2021 Family Economic Security General Assembly Outcomes

Family Economic Security (FES) increases access to strong financial futures at the individual, community, and systemic level. It influences several components of an individual’s life, including physical, social, emotional, health and well-being.

Here are some of the bills which passed in this year’s General Assembly session to aid in family economic security:

Invest in Paid Time Off to Promote Community Well-Being

  • Paid sick leave for home health workers, HB2137, Delegate Guzman. Provides paid sick leave to Medicaid funded home health care providers. We are disappointed the bill was amended to narrow the eligible workforce from all essential workers to home health care workers.

Foster Financial Security and Economic Resilience

  • Improve eligibility for TANF & SNAP participants, HB1820, Delegate Helmer. Casts a wider net for families to obtain public benefits for nutrition and cash assistance. Almost half of the caseload for nutrition benefits are children and SNAP caseloads have increased during the pandemic. This bill will provide a higher income limit to obtain benefits and eliminates a systemic barrier to obtaining assistance, the “asset test”, that denies eligibility for households with more than $2,250 in assets, such as bank accounts or savings. Children who receive SNAP benefits will be categorically eligible for free school meals. The bill also allows for individuals in the SNAP and TANF programs to meet work-related eligibility requirements when attending post-secondary education programs.
  • Improvements to the Full Employment Program (FEP) for TANF participants, HB2035, Delegate Tran. Provides an incentive to employers wishing to hire parents participating in the state workforce initiative, VIEW. Employers participating in the Full Employment Program (FEP) would now receive $1,000 per month incentive to hire a VIEW participant. Wages earned through FEP would not count against the participants VIEW/TANF cash benefits.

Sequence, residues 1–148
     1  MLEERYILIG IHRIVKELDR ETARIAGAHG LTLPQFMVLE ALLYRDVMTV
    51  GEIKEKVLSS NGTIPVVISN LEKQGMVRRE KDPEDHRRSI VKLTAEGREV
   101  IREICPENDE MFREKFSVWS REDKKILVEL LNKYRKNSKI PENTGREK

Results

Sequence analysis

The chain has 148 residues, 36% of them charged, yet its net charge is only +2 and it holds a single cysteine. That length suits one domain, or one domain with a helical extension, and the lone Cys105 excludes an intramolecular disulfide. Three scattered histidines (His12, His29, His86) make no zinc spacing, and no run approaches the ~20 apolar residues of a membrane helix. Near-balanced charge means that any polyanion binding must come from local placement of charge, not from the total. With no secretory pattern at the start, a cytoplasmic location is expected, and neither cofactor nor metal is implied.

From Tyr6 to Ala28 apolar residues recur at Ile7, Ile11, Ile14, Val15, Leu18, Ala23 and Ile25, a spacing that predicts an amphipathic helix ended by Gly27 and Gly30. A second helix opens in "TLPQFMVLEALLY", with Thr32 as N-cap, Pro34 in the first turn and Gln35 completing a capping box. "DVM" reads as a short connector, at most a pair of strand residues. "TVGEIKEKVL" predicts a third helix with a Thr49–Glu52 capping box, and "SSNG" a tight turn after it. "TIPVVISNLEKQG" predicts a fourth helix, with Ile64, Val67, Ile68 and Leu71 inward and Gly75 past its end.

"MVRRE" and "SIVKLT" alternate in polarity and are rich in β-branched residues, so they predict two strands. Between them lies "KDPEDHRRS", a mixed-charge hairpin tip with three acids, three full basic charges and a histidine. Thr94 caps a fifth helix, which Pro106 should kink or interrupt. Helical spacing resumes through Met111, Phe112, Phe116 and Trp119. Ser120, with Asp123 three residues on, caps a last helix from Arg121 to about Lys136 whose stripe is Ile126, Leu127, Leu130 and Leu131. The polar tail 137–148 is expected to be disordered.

• Increase Temporary Assistance for Needy Families (TANF) by 10 percent. $8.3 million allotted in the budget. This amendment directs the Virginia Department of Social Services to increase the Temporary Assistance to Needy Families (TANF) benefits by ten percent. The General Assembly provided a 15 percent increase beginning July 1, 2020, bringing the average monthly payment for a TANF family to $361.
  • Implement Temporary Assistance for Needy Families (TANF) Individual Development Accounts (IDA). $2.1 million for FY22 allotted in the budget. This amendment implements a program so that TANF-eligible individuals may save funds in an individual development account established for the purposes of home purchase, education, starting a business, transportation, or self-sufficiency.

Increase Access to Food Security

  • Virginia Food Access Investment Program. $2 million for FY22 allotted in the budget. This amendment increases the first year funding for the Virginia Food Access Investment Program from $1.1 million to $3.1 million to increase access to fresh and nutritious foods in rural and urban communities.
  • Produce Rx Program established; report, HB2065, Delegate McQuinn. Requires the Department of Social Services to convene a workgroup to develop the framework for the Produce Rx program and report to the Governor and Chairmen of the House Committee on Appropriations and Senate Committee on Finance and Appropriations by October 1.